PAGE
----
**Edit [following the comment by R W]**: As *R W* pointed out, the stationary distribution may change if you remove the laziness as you suggested. Still your motivation makes sense: can making the chain less lazy reduce the mixing significantly faster? What I wrote below answers that.

The "non-lazy version" of an aperiodic Markov kernel is not always aperiodic, so the convergence may fail.

Still for your motivation, you could ask whether "less-lazy versions" of $Q$ mix significantly faster. ~~I don't have a general answer, but~~ I argue that ~~at least the simplest form of~~ "non-lazification" does not help beyond the obvious linear speed-up. Below, I use the better definition
\begin{align*}
t_x(Q,\varepsilon) &:=
\min\{t_0\in\mathbb{N}:
\text{$\|Q^t(x,\cdot)-\pi\|<\varepsilon$ for all
$t\geq t_0$}
\} \;.
\end{align*}

Let $\hat{Q}$ be another irreducible and aperiodic Markov kernel with the property that
\begin{align*}
Q(x,y) &= p\hat{Q}(x,y)+(1-p)1_x(y)
\end{align*}
for some $0<p<1$. This is a *simple* "less-lazy version" of $Q$. The evolutions of $Q$ and $\hat{Q}$ can be coupled in a natural way as follows: let $\hat{Z}_0,\hat{Z}_1,\ldots$ be a Markov chain with kernel $\hat{Q}$ and let $B_1,B_2,\ldots$ be a sequence of independent Bernoulli random variables with $\mathbb{P}(B_k=1)=p$ and independent of $\hat{Z}_0,\hat{Z}_1,\ldots$. Let $N_t:=B_1+B_2+\cdots+B_t$. Define $Z_t:= \hat{Z}_{N_t}$. It is clear that $Z_0,Z_1,\ldots$ is a Markov chain with kernel $Q$.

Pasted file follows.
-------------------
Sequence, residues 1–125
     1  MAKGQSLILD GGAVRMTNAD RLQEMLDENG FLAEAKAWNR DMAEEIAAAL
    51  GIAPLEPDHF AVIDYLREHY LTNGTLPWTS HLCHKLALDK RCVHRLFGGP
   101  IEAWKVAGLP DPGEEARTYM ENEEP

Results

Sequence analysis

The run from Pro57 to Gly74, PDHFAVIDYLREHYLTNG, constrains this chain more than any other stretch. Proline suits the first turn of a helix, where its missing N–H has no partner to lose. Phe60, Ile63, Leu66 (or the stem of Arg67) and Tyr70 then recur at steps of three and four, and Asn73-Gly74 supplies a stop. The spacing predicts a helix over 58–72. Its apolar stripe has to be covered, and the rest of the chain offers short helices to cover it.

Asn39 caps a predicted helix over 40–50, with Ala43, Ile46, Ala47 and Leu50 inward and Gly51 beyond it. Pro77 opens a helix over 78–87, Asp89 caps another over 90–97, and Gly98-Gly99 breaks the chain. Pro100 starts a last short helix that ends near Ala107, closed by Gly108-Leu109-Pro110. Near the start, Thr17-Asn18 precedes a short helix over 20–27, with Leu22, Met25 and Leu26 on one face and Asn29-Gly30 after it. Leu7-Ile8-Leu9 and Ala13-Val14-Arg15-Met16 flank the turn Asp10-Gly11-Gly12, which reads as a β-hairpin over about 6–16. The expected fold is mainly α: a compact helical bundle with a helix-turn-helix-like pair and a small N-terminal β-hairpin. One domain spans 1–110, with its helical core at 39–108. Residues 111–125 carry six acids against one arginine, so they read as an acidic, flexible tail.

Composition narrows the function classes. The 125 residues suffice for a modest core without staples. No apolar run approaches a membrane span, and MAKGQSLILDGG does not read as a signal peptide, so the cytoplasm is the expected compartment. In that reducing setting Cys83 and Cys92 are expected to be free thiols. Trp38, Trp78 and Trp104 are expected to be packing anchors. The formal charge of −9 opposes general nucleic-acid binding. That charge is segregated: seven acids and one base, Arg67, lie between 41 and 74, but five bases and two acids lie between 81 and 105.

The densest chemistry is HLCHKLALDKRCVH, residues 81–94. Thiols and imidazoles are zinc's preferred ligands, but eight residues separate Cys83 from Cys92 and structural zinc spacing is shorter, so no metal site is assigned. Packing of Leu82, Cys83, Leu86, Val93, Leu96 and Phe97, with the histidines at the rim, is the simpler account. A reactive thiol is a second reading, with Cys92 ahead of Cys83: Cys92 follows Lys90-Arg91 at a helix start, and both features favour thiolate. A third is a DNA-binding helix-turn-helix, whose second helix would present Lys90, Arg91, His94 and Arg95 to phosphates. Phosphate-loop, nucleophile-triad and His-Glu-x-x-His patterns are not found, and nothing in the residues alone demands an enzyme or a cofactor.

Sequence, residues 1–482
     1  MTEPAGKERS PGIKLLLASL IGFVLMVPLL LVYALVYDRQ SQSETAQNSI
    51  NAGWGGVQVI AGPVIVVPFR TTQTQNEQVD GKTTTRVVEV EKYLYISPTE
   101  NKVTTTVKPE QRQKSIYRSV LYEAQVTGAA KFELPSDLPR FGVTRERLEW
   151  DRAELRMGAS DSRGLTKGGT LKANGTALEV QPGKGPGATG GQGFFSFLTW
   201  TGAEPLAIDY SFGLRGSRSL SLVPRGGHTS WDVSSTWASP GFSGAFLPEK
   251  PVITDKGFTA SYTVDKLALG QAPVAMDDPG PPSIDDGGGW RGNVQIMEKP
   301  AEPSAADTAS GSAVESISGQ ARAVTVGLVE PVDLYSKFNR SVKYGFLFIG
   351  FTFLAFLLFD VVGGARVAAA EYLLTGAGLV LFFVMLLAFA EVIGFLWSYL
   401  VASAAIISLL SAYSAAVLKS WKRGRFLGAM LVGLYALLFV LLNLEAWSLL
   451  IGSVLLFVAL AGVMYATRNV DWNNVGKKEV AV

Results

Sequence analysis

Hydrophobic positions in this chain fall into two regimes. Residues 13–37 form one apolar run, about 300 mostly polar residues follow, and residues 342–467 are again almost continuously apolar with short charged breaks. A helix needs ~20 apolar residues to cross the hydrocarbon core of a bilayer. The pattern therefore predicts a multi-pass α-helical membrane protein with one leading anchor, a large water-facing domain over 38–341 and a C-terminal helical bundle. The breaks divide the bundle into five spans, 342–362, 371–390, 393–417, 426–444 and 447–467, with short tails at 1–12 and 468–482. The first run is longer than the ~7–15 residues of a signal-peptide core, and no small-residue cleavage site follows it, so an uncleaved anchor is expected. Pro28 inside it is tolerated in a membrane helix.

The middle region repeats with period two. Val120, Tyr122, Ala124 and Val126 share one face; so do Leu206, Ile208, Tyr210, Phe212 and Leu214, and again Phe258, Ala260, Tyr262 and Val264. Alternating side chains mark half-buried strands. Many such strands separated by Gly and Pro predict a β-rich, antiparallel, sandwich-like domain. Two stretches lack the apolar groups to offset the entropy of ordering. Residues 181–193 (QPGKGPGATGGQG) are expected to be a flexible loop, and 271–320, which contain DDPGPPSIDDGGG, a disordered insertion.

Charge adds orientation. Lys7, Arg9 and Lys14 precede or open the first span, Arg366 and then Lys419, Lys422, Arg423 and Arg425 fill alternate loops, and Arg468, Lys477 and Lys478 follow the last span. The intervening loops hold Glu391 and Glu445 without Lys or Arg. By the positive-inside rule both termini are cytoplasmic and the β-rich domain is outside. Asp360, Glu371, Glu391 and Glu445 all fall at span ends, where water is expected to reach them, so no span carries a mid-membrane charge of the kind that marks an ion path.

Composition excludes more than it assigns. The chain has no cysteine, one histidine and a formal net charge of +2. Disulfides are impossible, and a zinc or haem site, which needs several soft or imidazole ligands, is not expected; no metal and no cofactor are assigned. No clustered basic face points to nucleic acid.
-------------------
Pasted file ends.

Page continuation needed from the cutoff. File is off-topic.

**Lemma**.
Let $0<\varepsilon,\delta<1$ be arbitrary.
Then, for $t\geq\frac{1}{2\delta^2}\log\frac{1}{\varepsilon}$, we have $\mathbb{P}\big(N_t<(p-\delta)t\big)<\varepsilon$.

*Proof*. This is just rewriting Hoeffding's inequality. $\quad\square$.

**Proposition**. Let $0<\delta<p$ and $0<\gamma<1$ be arbitrary. Then, for every $0<\varepsilon<1$, we have
\begin{align*}
t_x(Q,(1+\gamma)\varepsilon) &\leq
\max\left(\frac{1}{p-\delta}t_x(\hat{Q},\varepsilon), \frac{1}{2\delta^2}\log\frac{1}{\gamma\varepsilon}\right) \;.
\end{align*}
So, choosing $\delta$ and $\gamma$ to be small, and ignoring the second term on the right-hand side (which is independent of the size of the state space), we find that the mixing time of $\hat{Q}$ is no less than about $p$ times the mixing time of $Q$. This is the linear speed-up one would expect.

*Proof*.
Let $n_0$ be such that
\begin{align*}
\|\hat{Q}^n(x,\cdot)-\pi\| &< \varepsilon
\end{align*}
for every $n\geq n_0$. Let $t_0:=\max(\frac{n_0}{p-\delta}, \frac{1}{2\delta^2}\log\frac{1}{\gamma\varepsilon})$. According to the above lemma, $\mathbb{P}(N_t<n_0)\leq\gamma\varepsilon$ for all $t\geq t_0$. Note that
\begin{align*}
Q^t(x,y) &= \sum_{n=0}^\infty\mathbb{P}(N_t=n)\hat{Q}^n(x,y) \;.
\end{align*}
Therefore, for every $t\geq t_0$,
\begin{align*}
\|Q^t(x,\cdot)-\pi\| &<
\|\sum_n\mathbb{P}(N_t=n)\hat{Q}^n(x,\cdot) - \pi\| \\
&\leq
\sum_{n<n_0}\mathbb{P}(N_t=n)\underbrace{\|\hat{Q}^n(x,\cdot) - \pi\|}_{\leq 1} + \sum_{n\geq n_0}\mathbb{P}(N_t=n)\underbrace{\|\hat{Q}^n(x,\cdot) - \pi\|}_{\leq\varepsilon} \\
&\leq
\mathbb{P}(N_t<n_0) + \varepsilon \\
&\leq
(1+\gamma)\varepsilon \;.
\end{align*}
This proves the claim. $\quad\square$

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